Steward Bank recently released its financial statements for the year ended 28 February 2021. Pouring through the abridged version of the audited accounts raised a few questions. At first glance it appears that Steward Bank might be in trouble.
The first strike was that the audit opinion was qualified. Those that have a background in accounting know that that’s not a good sign and we shall discuss what that’s all about. Then the contents of the auditor’s statement itself were even more frightening at first looksies.
As has been our focus lately, we will try to break down the highlights in plain English. Too many times, technical jargon renders publications useless for the masses. We were just discussing how more and more people without accounting/investing experience have flocked to invest in the stock exchanges. We will do our part to make sure that they at least get some insight into the listed companies.
Introducing Steward Bank
Steward Bank is a subsidiary of Cassava Smartech (CSZL.zw) which is listed on the Zimbabwe Stock Exchange. The relationship between the bank and Econet is that today, Econet Global (30.26%) and Econet Wireless (20%) are the top 2 shareholders in its parent, Cassava.
This means the bank’s results are important to assess the performance of the listed entity called Cassava. The bank is not the only subsidiary of Cassava, EcoCash is decidedly the darling child in that family. The performance of the other subsidiaries is important too but today it’s Steward’s turn on the operator’s table. That should help with context.
With that out of the way. Let us jump into the part in the financial statements which had us worried.
Going concern status uncertainty
This is a serious issue. To make sure we got the full picture, we reached out to the bank and they helped clarify a few issues. We had been concerned about the following, which was in the Auditor’s statement:
…the auditor’s opinion contains key audit matters relating to;….
…(v) Material uncertainty related to going concern…..
Some might not understand the implications of that statement. Here’s the definition of that concept from Investopedia:
Going concern is an accounting term for a company that is financially stable enough to meet its obligations and continue its business for the foreseeable future
So when the auditors say “material uncertainty related to going concern,” they are questioning whether Steward Bank is financially stable enough to continue in business. As you can imagine, that is no laughing matter.
As we could not peruse the audit report ourselves, we asked the bank what made the auditors question its going concern status. A Steward Bank spokesperson replied:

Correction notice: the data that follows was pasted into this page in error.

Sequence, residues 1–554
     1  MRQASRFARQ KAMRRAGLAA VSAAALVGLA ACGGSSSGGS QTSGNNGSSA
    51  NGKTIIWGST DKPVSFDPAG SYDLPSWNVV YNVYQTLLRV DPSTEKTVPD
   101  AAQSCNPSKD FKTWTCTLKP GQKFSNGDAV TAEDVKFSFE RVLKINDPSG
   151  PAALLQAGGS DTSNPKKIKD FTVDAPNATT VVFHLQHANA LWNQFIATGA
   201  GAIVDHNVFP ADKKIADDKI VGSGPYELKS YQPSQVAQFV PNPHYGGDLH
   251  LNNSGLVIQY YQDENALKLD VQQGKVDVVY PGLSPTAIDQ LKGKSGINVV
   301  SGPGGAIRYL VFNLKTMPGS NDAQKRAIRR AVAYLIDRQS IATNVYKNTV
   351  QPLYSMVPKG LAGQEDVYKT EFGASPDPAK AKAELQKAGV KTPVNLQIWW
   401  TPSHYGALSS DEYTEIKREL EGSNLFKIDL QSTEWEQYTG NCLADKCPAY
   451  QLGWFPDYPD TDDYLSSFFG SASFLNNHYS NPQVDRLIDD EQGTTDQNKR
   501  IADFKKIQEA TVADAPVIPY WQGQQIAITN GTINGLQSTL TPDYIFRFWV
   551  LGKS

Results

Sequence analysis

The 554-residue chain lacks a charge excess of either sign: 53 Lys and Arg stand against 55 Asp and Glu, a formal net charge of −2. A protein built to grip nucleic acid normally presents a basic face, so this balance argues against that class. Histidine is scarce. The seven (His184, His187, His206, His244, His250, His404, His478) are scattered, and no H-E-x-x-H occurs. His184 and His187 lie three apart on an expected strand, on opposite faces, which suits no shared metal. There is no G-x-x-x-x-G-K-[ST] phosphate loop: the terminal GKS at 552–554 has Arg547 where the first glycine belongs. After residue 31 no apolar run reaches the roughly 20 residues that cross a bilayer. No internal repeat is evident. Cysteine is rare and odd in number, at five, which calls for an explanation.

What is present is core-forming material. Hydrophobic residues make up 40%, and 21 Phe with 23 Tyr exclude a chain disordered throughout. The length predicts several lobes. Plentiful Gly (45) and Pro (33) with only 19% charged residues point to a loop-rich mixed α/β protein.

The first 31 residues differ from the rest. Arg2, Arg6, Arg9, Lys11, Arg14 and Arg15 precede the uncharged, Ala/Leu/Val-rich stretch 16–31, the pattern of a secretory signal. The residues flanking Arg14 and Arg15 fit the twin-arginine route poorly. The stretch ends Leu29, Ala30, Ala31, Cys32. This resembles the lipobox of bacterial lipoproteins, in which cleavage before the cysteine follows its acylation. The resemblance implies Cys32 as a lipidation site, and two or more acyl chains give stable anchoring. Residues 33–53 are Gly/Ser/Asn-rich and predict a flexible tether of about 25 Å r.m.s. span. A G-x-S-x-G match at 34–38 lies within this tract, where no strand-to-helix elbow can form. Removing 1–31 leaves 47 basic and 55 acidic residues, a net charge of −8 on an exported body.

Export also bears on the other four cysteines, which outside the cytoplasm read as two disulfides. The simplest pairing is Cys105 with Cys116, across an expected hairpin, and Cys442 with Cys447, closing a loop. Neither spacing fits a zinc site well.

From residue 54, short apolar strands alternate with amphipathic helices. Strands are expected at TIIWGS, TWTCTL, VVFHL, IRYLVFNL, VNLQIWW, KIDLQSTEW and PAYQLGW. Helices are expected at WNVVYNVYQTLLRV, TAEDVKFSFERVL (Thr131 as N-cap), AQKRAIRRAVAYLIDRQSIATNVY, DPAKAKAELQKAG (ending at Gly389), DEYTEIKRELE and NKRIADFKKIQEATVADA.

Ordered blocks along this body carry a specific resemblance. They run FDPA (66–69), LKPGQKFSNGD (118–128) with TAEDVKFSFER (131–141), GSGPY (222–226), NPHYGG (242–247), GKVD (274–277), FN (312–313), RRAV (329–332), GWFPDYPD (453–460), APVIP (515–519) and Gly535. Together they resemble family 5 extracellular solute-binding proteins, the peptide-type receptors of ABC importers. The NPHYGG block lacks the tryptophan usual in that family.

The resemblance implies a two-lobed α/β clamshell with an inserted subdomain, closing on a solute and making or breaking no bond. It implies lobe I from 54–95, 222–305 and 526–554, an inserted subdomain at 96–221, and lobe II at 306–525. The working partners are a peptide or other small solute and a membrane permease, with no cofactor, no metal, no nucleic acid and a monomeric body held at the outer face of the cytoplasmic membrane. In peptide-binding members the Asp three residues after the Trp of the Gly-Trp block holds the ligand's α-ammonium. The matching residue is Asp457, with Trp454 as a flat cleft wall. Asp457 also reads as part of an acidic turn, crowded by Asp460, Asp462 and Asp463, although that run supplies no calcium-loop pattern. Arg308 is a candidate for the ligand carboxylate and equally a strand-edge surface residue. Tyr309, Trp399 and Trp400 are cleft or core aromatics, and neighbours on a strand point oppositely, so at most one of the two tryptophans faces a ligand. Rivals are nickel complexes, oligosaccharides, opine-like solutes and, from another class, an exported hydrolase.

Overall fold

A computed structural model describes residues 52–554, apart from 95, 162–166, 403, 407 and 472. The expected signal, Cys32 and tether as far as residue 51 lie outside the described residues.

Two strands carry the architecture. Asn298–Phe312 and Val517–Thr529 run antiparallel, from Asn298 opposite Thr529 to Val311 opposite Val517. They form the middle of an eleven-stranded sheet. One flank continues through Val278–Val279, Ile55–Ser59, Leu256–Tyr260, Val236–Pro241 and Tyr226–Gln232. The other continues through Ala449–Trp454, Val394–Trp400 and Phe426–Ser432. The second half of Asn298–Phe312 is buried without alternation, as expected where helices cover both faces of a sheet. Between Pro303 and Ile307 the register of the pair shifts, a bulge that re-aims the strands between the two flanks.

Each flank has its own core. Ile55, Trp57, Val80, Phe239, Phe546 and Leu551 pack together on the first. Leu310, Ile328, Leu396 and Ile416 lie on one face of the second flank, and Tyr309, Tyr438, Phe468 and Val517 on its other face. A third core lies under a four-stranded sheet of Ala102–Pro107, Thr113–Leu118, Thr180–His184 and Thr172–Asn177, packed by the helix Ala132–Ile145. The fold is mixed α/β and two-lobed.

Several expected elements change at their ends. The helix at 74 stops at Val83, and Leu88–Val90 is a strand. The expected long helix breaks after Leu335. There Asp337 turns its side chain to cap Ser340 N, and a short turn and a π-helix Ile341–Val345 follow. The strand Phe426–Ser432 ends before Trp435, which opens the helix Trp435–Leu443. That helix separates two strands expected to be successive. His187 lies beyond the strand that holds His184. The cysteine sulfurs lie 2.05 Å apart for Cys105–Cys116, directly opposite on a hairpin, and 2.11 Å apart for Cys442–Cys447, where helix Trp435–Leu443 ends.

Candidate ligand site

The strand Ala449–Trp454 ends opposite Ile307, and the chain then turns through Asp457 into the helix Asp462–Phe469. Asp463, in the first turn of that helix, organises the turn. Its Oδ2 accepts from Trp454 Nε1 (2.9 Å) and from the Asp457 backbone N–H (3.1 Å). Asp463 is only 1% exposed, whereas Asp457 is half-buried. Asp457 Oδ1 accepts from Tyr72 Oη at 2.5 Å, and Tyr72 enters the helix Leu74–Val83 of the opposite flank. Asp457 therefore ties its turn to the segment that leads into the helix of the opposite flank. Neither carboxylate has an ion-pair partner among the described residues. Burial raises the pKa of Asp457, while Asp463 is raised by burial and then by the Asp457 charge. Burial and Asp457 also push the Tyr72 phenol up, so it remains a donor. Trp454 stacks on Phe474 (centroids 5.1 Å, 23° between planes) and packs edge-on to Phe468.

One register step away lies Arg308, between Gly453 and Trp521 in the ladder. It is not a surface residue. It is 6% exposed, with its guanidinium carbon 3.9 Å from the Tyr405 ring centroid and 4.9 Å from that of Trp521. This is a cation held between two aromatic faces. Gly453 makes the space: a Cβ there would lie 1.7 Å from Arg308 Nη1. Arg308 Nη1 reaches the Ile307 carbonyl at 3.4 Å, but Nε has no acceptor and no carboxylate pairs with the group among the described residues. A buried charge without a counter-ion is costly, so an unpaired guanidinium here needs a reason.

The auditors included the issue of going concern as a key audit matter as the Bank had not yet met the new capital requirement of US$30million required by 31 December 2021. As of now, the Bank fully meets its required capital position. The bank has a plan in place to ensure that the US$ 30 million requirement is met by the 31st of December 2021.
To note also is that the bank did meet its capital requirement as at 21 February 2021, the financial year end for the bank. However, we need to unpack that information.
There are minimum capital thresholds that all banks have to meet. These thresholds are set by the Reserve Bank of Zimbabwe (RBZ). The capital requirement for the year ended 28 February 2021 was US$20 million, which the bank met.
Back in January 2020 the RBZ announced that the threshold was being raised to US$30 million. All banks had to meet that target by 31 December 2020 and then the pandemic happened and banks could not meet the deadline. The RBZ then extended the deadline to 31 December 2021, which is fast approaching.
So, Steward Bank and the other commercial banks have to raise US$10 million before the end of the year. That’s not pocket change. When all things are going well, meeting this capital requirement should happen in the ordinary course of business. That is not the case with Steward Bank.
The bank will not meet that requirement without a fresh capital injection. Luckily, its shareholder, Cassava has committed to provide the necessary funds by 31 December 2021. So, why were the auditors not appeased?
Although the bank is confident that the deadline will be met, there remains the possibility that even with the commitment of Cassava, that might not happen. From the abridged statements:
The Bank and its shareholders have communicated to the Reserve Bank of Zimbabwe in relation to the capitalisation plan and the possibility of not meeting the deadline* of 31 December 2021 and the discussions have not been concluded.From Steward Bank’s abridged financial statements *[emphasis mine]